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21 January 2015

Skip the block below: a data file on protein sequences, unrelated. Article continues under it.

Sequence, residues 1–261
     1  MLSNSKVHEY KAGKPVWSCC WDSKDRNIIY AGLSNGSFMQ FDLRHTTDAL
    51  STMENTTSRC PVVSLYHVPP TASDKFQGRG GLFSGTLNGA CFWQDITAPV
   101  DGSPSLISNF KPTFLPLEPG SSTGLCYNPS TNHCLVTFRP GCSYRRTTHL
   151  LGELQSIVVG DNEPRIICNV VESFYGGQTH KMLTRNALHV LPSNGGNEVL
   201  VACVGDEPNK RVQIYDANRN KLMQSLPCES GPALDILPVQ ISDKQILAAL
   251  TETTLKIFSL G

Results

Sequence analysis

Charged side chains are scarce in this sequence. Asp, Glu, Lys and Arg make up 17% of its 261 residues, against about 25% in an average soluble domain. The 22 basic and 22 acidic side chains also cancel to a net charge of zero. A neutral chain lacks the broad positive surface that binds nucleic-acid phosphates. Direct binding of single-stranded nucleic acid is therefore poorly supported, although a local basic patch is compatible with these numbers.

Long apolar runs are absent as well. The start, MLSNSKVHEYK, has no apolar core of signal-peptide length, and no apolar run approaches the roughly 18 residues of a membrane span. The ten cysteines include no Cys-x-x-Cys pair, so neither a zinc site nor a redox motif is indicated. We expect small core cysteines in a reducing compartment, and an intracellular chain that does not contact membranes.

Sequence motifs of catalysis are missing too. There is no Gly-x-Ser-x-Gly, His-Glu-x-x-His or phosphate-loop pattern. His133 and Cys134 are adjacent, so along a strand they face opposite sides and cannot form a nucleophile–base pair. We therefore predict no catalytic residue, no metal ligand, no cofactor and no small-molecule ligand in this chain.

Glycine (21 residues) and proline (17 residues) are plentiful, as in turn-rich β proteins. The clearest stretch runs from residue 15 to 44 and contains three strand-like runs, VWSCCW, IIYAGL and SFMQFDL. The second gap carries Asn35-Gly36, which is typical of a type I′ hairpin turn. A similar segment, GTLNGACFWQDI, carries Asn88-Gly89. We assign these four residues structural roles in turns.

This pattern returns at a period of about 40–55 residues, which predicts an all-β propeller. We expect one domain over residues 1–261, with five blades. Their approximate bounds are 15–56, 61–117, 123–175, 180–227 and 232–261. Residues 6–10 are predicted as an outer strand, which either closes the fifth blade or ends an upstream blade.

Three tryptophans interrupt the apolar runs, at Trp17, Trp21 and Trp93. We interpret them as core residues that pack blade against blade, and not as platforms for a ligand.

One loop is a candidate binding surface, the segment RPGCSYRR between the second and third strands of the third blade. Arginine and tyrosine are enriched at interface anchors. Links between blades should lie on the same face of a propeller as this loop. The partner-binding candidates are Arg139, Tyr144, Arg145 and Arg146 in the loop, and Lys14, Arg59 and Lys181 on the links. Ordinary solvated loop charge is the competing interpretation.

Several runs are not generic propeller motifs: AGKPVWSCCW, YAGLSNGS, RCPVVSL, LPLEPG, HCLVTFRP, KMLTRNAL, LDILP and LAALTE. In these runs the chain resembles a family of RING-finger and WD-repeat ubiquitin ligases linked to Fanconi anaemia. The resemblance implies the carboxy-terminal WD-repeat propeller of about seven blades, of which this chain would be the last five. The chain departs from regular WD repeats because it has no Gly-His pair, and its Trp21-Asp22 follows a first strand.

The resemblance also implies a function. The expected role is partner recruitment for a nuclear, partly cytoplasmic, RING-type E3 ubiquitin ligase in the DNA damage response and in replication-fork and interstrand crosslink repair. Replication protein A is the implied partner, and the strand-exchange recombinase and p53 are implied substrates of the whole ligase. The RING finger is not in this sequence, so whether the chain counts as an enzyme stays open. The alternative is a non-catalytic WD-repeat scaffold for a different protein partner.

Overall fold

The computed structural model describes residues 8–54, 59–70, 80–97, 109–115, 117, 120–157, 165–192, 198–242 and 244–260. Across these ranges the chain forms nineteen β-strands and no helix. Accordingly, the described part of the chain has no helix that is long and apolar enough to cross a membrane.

THE MONTH IN BRIEF December certainly looked like it was going to be a trying month for the market, but then Wall Street got a little help from the Federal Reserve. In its December 17 policy statement, the central bank told the world that it would be “patient in beginning to normalize the stance of monetary policy.” That declaration helped turn stocks around. Oil prices (and retail gas prices) declined further in December; readings on fall consumer spending and Q3 GDP improved. When 2014 ended, the S&P 500 had posted another double-digit yearly gain – and while some foreign economies seemed to be slowing or sputtering, ours looked quite healthy.1 DOMESTIC ECONOMIC HEALTH Three very positive indicators from the Commerce Department confirmed how well the economy was doing. Third-quarter GDP went in the books at 5.0% (up from 3.9% in the second estimate). Consumer spending rose by a very strong 0.6% in November with consumer wages also rising 0.4%. Cheap gasoline and growing consumer confidence seemed apparent factors in the impressive 0.7% November gain in retail sales.2,3 America’s two most-watched household sentiment gauges pushed higher in December. The Conference Board’s consumer confidence index rose 3.9 points on the month to 92.6, and the University of Michigan’s index gain 4.8 points off of its final November mark to reach 93.6.2,3 More good news came from the Labor Department: November had been an outstanding month for hiring. Sure, the jobless rate stayed at 5.8% (the U-6 rate encompassing unemployed and underemployed ticked down to 11.4%), but the economy added 321,000 new jobs, 86,000 of them in the professional and business sectors. Additionally, the Labor Department revised the employment gains of September and October upward – 44,000 more people found work across those two months than initially reported.4 The Institute for Supply Management announced a slight November downturn in its manufacturing PMI; the 0.3% retreat took it to 58.7, still indicating strong expansion for the sector. (Overall hard goods orders also retreated in November, down 0.7%; economists polled by MarketWatch projected a 3.3% gain.) ISM’s service sector PMI jumped 2.2 points north in November to 59.3.2,3 Inflation pressure? There wasn’t much. The headline Consumer Price Index and Producer Price Index both saw November declines – 0.3% for the CPI, 0.2% for the PPI. Year-over-year, the CPI had only advanced 1.3%, the PPI 1.4%. (The core CPI was up 1.7% yearly, the core PPI up 1.8% in 12 months.)2,3 In mid-December, Congress voted to retroactively reinstate more than 50 tax breaks that had expired at the end of 2013. The extenders (which included the tuition & fees deduction, the R&D credit, the state & local sales tax deduction and many others) were all set to sunset at the beginning of 2015 barring further legislative action.5 GLOBAL ECONOMIC HEALTH December ended with more uncertainty for Greece (and the European Union). The Greek parliament dissolved, unable to select a new president; the Syriza party looked poised to win the resulting national election. It had long protested anti-austerity conditions handed down as part of the bailout offered to Greece by the International Monetary Fund, European Central Bank and European Commission, and had vowed to overturn much of those economic measures if it assumed power. Elsewhere on the continent, Russia’s economy looked headed for recession; government economists put 2014 GDP at 0.6% and projected 2015 GDP at -0.8%. By the end of 2014, the ruble had sunk 50% versus the dollar.6,7 As for the broad EU, its jobless rate stood at 10.0% as the year wrapped up (with unemployment in the 18-country euro area at 11.5%), and its annual inflation rate stood at just 0.3% in December. In the U.K., inflation touched a 12-year low last month.8,9 Important indicators on foreign factory output and GDP were mostly disappointing. As December ended, the latest HSBC/Markit manufacturing PMI for China came in at 49.5; readings below 50 signal sector contraction. China’s State Information Center put the country’s Q3 growth at 7.3% (down from 7.5% in Q2) while forecasting 7.0% GDP for 2015. The Markit Composite Flash PMI for the eurozone moved up to 51.7 in mid-December; just prior to that, it had been at 51.1, a 16-month low.9,10 WORLD MARKETS European and Latin American bourses took widespread losses in December. Was it any surprise that Russia’s RTS index fell hardest? Its 18.84% monthly drop topped the 14.22% decline of Greece’s ATG. Other European losses last month: DAX, 1.76%; CAC 40, 2.67%; IBEX 35, -4.56%; FTSE 100, -2.33%; STOXX 600, -1.36%. Ireland’s ISEQ was an exception, up 3.02% last month. Europe’s best 2014 performer was Turkey’s BIST 100 index, which went +26.43%. Argentina’s MERVAL sank 12.54%, Mexico’s IPC All-Share 2.36% and Brazil’s Bovespa 8.52%; in Venezuela, the Caracas General index soared exactly 29% in December. The MERVAL was the top performer for the Americas in 2014, going +59.14%.11 The picture in the Asia Pacific region was somewhat better. The winner for the month and the year: the Shanghai Composite. It gained 20.57% in December and 52.87% for the year (its A Shares actually advanced 53.06%). The Sensex lost 4.16% in December, the KOSPI 3.29% and the Hang Seng 1.59%, yet the KSE 100 rose 2.99%, the Jakarta Composite 1.50% and the S&P/ASX 200 1.84%. Japan’s Nikkei 225 was virtually flat, losing 0.05%.11 Now to the Dow Jones and MSCI benchmarks. The Europe Dow dipped 5.30% in December, the Dow Jones Americas just 0.76%; the Asia Dow was off 2.67%, the Global Dow 2.71%. The twin MSCI indices staged December retreats – the MSCI World lost 1.71%, the MSCI Emerging Markets 4.82%.11,12 COMMODITIES MARKETS Call 2014 the year of the strong dollar and weak oil. The U.S. Dollar Index gained 2.18% more in December, moving up to 90.29 on New Year’s Eve. Oil’s catastrophic 2014 ended with an 18.25% December loss; WTI crude went -45.42% on the year with a barrel worth just $53.27 on the floor of the NYMEX as the final trading day of 2014 concluded. Other major energy futures racked up big monthly losses, too. Unleaded gasoline slid 22.17% to bring its 2014 retreat to 47.03%. Natural gas fell 28.65%, heating oil 16.02%. Crops had a mixed month: sugar lost 6.50% and coffee 9.90%, but soybeans rose 0.54%, corn 5.77%, wheat 1.86% and cotton 3.16%.13,14 Last month was actually decent for metals. Gold ended 2014 at $1,184.10 on the COMEX with futures advancing 1.44% in December. Still, it declined 1.23% for the year. Silver rose 1.43% in December, platinum 0.58%; copper futures lost 1.12%.14 REAL ESTATE The housing market lost some momentum in November, even as interest rates for conventional mortgages stayed below 4%. The National Association of Realtors reported existing home sales dropping 6.1% in that month; the Census Bureau found new home sales down 1.6%. It was just the second retreat in eight months for resales, and the first decline in the pace of new house purchases since July. November’s 20-city Case-Shiller home price index showed a 4.5% annual advance.2,3,17 Looking at the near future, NAR’s pending home sales gauge managed to rise 0.8% in November, which was its best performance in 14 months. Groundbreaking tailed off for the first time in three months in the eleventh month of the year: housing starts fell 1.6%, with the issuance of building permits down 5.2%.15,16 Freddie Mac’s last 2014 Primary Mortgage Market Survey (December 31) showed the average interest rate for the 30-year FRM at 3.87%, a tenth of a percent below where it was in the November 26 edition of the survey. Between those two dates, mean rates on 15-year FRMs declined from 3.17% to 3.15% and mean rates for 1-year ARMs declined from 2.44% to 2.40%. Average rates on 5/1-year ARMs were unchanged at 3.01%.17 LOOKING BACK…LOOKING FORWARD The Dow, S&P 500 and NASDAQ all posted slight December declines. Closing values from December 31 for the big three: DJIA, 17,823.07; NASDAQ, 4,736.05; S&P, 2,058.90. Oil’s winter tumble helped the CBOE VIX advance hugely – it ended the year at 19.20, with a monthly gain of 44.04% and a yearly gain of 39.94%. The Russell 2000 settled at 1,204.70 on December 31, rising 2.68% on the month and gaining 3.53% for 2014.11